It wasn’t until I had kids, that I saw the value in community.
At first, it was to integrate M + GL — introduce them to other kids, and socialize them into the neighborhood. But soon, I saw that it was just as beneficial (if not more) for me. By hanging out and getting to know other new moms, I found a support network along with an overall sense of camaraderie as we did our best navigating the crazy world of motherhood.
One of the first moms I met, Kira Wizner, is the gateway for many into our community. I remember moving into her building six years ago, and seeing her out front — I was pretty bogged down — GL was snuggled on my chest in the sling, and my hands were full of stuff. Kira kindly offered to help. But being new to the whole community thing, I politely declined…saying I was fine (I wasn’t!). As we said goodbye, she invited me to join her Mom’s night out.
Kira continues to be a mainstay in our community on the Lower East Side of Manhattan. And with winter approaching, it felt like a good time to talk to Kira about community since the inclination to stay indoors grows stronger, and the motivation to connect with others gets weaker.
EL: What does community mean to you?
KW: Community means understanding as much about the people and place around me as I can, and living in a way that keeps it thriving and if possible, enhances.
EL: Why have you taken such an active role in building our community on the Lower East Side?
KW: I love walking out my door and feeling part of the world. Knowing my neighbors has always been important to me, in every place I’ve lived. Because I had a new baby and wasn’t working when we moved here, a few of us connected and had to take very active steps to connect with other new parents and neighbors since we were all in that “new baby bubble”.
EL: How has our community changed since you first moved here, and how do you think that has happened?
KW: Since we’ve moved here, many more people in NYC have discovered our community. I think it used to fly under the radar since the buildings were so big and we are kind of off to the side, a bit of a walk from the subway. As prices all over the city have escalated, ours have stayed a bit more fair. Our community has attracted singles, couples, and families because of the people, parks, views of the river and I think because we can see the sky so clearly!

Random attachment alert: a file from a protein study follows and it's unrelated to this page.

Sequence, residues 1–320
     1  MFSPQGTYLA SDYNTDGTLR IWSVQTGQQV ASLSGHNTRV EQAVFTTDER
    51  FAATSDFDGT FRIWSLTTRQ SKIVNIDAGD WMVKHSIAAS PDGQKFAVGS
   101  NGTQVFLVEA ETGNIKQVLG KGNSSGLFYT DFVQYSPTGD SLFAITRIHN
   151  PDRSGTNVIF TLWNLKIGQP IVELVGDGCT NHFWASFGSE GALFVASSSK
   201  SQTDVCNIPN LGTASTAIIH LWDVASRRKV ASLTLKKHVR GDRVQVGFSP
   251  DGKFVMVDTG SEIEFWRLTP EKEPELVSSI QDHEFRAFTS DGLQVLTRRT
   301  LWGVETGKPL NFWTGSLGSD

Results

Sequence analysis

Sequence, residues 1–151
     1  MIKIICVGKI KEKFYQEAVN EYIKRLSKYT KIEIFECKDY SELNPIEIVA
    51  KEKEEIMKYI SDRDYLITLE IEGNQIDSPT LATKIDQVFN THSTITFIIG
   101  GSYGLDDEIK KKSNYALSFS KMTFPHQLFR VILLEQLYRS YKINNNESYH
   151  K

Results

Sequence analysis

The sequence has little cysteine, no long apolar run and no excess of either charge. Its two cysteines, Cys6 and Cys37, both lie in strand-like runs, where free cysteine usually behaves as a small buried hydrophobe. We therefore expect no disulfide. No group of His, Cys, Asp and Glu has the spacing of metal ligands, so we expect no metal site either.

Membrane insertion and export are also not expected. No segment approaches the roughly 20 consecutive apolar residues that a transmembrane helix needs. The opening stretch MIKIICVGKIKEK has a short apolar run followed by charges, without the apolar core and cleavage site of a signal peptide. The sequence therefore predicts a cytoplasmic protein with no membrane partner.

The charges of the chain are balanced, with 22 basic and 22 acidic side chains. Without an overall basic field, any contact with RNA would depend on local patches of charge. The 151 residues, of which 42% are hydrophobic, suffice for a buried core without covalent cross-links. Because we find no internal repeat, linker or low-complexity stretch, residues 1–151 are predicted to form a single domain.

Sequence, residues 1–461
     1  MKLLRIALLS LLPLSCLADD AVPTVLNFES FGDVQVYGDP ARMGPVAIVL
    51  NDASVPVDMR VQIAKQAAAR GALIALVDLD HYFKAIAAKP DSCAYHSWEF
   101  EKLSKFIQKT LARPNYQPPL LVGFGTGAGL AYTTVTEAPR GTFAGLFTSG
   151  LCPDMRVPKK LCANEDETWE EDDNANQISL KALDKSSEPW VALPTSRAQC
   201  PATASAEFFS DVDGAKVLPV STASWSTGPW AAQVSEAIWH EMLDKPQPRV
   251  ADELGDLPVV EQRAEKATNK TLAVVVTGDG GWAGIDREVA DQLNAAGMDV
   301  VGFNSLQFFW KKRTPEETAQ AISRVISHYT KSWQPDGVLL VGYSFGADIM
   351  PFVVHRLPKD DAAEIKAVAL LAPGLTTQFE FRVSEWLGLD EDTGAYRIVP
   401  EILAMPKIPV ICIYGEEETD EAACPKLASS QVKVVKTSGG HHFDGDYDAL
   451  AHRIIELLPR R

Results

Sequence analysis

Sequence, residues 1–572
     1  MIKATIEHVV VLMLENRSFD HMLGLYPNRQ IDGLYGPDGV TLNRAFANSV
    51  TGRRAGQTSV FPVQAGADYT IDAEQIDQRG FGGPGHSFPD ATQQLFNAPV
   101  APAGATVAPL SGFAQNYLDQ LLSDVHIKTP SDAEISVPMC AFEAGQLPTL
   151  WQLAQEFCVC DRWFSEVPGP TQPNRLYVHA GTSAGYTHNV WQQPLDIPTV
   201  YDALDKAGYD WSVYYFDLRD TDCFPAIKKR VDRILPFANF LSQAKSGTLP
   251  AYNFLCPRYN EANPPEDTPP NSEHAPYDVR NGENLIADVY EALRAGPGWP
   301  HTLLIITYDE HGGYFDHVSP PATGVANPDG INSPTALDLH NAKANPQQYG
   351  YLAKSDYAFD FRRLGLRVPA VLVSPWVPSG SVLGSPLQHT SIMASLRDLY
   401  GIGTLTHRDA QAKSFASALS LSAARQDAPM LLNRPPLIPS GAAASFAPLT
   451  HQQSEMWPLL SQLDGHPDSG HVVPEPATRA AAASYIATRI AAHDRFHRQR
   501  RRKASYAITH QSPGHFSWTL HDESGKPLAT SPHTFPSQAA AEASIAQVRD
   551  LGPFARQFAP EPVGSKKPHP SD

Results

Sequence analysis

EL: What purpose does community have in your life? What benefits does it bring to you + your family?
KW: Understanding and taking responsibility for our space and the world around us is so important to me and as a mother modeling what life can be for my children. Life is filled with ups and downs and mistakes and success– our every day moments ground us. Saying hello to a friend, someone you just pass on the street, or picking up trash from the floor and throwing it out are grounding moments for me. All of us are on a continuum, baby, toddler, child, teen, all the way to seniors and beyond– to remind us all that we are part of a cycle feels good.
EL: What makes a strong community? What must its members do to uphold this?
KW: A strong community is full of people who feel responsible for taking care of themselves and the people and space around them, as they can. Members who do what they know is right as much as they can, rather than what’s convenient or might have a negative impact on someone else. When everyone in the community shows respect for everyone else– neighbors, porters, security guards, tourists, delivery people– people are happy to be here and happy to come back. That shows strength of character and a deep understanding of people and life. It’s not always smooth, things don’t always go our way, people don’t always live up to our standards, but to be compassionate brings me satisfaction.
EL: What is your advice to someone looking to become more involved in their community?
KW: When someone wants to be more involved, first I’d suggest to look at what structures already exist to support the community. From political (community board) to social (volunteering at the community center) if there is something that attracts you it will be fairly smooth to volunteer within an existing organization.
EL: What would you say to someone who is shy and/or reluctant to join a community?
KW: Some people have a lot going on with family or work or a relationship and may be reluctant to reach out to people because with connection always comes responsibility. I would say to start small– know your neighbors, say hi to the person in the elevator. Send an email about something that you’ve appreciated. Go to some kind of a community meeting once a year. And at each point in life we have different things to give– sometimes we have money, or time, and sometimes that seems overwhelming. But even a small donation can help someone and the feelings that come with giving can be wonderful.
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Elysha, I only discovered community when I had children too. My rural community differs from your urban one in form but not in function. I too started going to playgroups for my son, but quickly discovered the benefits for my own wellbeing. Those gatherings were vital for my sanity!
Sara, those early days with little ones are tough! The friends I made back then are still very dear to me now– we share such an incredible bond!